“Bernie has done very, very well without having to spend much money at all, relative to Hillary,” said David Axelrod, a Democratic strategist who was a top adviser on Mr. Obama’s campaigns. “His campaign recognizes, rightly, that you have to navigate through the early contests and then, to win on Super Tuesday, you have to spend a boatload. They’ve now proven they’re capable of doing that.”
Mrs. Clinton still holds important advantages over Mr. Sanders: She is better positioned financially thanks to her super PAC — though she only narrowly outraised him since July 1, taking in $28 million; she has far more support among Democratic Party leaders whose superdelegate votes can help secure the nomination; and she has backing among minorities, who can be decisive in some states.
Yet Mrs. Clinton has struggled to put the controversy about her State Department email practices behind her, and her poll numbers have been sliding in Iowa and New Hampshire despite the television advertisements her campaign has run there since August.
Mr. Sanders, who has drawn support by electrifying crowds with his demands for single-payer health care, free tuition at public colleges and higher taxes on the rich, has tested the idea that a modern presidential candidate cannot win without relying on attack ads or internal polling. But he and his advisers, armed with more money than they expected, are now forming a battle plan beyond immediate goals of winning Iowa and New Hampshire.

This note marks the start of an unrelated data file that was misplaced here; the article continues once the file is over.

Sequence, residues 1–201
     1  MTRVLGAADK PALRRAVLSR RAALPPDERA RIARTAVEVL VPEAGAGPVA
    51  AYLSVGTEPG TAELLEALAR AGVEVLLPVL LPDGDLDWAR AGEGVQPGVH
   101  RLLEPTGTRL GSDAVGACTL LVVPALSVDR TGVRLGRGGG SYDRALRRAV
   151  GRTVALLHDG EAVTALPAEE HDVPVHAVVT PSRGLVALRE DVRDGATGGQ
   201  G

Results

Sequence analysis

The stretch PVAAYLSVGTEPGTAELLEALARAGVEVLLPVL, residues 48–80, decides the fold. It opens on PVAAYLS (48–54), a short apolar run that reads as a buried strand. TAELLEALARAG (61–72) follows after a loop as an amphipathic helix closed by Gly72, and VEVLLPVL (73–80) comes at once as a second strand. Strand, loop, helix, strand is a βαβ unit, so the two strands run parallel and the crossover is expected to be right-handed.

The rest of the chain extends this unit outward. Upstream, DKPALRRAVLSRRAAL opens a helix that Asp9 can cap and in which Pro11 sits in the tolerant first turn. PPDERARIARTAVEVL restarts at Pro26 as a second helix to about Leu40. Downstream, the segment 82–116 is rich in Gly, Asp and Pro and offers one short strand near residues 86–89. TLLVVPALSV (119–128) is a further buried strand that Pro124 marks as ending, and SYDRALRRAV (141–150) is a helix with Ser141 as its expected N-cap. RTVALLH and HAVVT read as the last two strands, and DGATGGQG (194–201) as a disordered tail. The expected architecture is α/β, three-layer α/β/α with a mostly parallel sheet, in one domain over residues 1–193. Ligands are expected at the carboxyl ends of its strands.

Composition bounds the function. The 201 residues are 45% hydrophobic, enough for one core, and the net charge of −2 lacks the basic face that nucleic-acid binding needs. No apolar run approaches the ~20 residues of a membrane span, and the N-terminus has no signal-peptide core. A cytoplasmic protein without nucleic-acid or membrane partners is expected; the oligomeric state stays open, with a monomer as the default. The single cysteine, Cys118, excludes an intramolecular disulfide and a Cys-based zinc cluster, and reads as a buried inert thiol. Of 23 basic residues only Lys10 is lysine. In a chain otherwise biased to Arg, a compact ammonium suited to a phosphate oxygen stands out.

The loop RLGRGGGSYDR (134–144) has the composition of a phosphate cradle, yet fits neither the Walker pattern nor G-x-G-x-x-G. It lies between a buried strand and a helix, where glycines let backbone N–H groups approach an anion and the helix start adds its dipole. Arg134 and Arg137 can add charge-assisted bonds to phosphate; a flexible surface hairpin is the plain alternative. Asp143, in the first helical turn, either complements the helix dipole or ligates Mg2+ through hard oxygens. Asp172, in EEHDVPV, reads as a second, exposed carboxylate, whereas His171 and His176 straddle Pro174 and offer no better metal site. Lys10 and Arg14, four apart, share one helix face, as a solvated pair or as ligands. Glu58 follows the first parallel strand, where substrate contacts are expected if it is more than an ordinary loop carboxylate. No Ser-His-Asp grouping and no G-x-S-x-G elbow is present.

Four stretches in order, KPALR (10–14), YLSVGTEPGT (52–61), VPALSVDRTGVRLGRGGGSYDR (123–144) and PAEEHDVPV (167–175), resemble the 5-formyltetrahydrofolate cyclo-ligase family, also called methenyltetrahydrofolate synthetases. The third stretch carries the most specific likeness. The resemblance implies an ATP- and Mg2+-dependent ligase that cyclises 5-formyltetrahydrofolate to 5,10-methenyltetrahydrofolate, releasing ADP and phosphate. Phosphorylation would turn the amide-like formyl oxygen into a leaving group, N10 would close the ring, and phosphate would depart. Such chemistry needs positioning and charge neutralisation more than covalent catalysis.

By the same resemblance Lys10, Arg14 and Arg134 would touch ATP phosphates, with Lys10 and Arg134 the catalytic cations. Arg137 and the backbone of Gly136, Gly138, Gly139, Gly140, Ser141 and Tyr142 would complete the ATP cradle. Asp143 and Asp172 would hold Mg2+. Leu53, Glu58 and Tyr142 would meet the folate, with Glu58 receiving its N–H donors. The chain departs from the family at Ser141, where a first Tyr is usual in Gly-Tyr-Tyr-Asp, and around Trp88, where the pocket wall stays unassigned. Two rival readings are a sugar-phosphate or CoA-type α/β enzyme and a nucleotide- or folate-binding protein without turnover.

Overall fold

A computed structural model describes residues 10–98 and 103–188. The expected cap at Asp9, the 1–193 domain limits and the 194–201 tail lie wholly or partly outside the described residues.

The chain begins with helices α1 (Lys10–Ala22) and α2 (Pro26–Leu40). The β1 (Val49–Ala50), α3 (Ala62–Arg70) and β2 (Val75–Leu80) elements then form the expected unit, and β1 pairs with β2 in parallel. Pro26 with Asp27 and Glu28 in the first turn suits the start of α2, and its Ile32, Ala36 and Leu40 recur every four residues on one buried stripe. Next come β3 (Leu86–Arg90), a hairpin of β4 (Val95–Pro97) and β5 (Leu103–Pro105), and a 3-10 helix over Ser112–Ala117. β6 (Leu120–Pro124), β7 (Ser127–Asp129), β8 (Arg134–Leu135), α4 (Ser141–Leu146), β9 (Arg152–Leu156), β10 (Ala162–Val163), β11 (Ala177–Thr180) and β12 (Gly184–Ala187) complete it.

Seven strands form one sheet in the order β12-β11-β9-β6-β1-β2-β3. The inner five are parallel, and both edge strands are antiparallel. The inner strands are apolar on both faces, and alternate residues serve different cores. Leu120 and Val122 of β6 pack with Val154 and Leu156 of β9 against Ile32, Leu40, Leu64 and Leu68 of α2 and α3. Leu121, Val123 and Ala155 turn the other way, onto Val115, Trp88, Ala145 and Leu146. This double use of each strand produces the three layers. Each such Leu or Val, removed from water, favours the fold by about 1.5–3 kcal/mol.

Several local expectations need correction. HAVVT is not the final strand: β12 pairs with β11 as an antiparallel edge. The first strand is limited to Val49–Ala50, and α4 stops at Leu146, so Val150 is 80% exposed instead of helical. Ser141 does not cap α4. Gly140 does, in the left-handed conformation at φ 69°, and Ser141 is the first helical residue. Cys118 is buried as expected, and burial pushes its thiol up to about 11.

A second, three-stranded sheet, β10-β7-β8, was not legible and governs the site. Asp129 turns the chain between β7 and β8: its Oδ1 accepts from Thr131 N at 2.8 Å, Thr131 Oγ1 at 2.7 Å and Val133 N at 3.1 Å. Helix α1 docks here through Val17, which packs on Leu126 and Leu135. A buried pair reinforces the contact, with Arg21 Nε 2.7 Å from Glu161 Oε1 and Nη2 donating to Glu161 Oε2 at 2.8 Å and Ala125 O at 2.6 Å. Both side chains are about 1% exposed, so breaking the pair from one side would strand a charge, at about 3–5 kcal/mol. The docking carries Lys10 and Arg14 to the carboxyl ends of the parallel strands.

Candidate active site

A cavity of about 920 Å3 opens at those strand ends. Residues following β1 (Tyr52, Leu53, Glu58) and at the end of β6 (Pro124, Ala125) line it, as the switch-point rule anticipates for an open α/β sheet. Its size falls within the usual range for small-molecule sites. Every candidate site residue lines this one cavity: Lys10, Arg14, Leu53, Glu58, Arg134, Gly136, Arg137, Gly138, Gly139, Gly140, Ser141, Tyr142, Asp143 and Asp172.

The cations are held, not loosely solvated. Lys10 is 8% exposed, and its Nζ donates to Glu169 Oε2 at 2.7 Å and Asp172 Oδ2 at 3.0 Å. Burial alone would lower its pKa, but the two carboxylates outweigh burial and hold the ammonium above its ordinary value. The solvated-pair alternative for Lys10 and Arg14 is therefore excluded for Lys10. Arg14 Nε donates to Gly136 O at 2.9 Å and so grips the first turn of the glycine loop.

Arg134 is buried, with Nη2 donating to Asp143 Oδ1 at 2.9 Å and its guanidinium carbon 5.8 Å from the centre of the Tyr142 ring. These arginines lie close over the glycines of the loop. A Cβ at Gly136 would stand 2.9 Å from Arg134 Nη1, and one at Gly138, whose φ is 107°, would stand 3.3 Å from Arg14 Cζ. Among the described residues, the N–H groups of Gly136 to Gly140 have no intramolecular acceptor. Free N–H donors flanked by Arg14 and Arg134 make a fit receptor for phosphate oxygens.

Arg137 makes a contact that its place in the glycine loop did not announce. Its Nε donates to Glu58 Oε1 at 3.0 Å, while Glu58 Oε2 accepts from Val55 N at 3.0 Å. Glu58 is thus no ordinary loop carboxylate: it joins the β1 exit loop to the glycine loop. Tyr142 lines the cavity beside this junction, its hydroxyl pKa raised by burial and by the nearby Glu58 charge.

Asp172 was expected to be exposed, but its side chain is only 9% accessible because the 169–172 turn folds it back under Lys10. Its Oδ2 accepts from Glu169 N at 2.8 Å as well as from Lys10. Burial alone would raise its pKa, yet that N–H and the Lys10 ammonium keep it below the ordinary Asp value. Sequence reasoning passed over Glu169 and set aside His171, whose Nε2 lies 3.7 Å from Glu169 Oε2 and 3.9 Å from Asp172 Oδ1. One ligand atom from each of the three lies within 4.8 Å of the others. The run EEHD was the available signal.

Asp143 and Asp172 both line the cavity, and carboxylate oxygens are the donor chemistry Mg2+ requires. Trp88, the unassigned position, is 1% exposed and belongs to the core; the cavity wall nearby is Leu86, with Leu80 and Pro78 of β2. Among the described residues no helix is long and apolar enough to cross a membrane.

At Mr. Sanders’s headquarters here on Wednesday, his top advisers met with their lieutenants from Iowa, New Hampshire, and South Carolina — three of the four states with the earliest nominating contests, all in February — to plan the redeployment of dozens of paid staff members thereafter. The workers will go to Super Tuesday states that Mr. Sanders views as winnable — including Colorado, Massachusetts and Minnesota — as well as to Southern states where Mrs. Clinton is expected to perform well, but where close contests could also yield delegates for Mr. Sanders.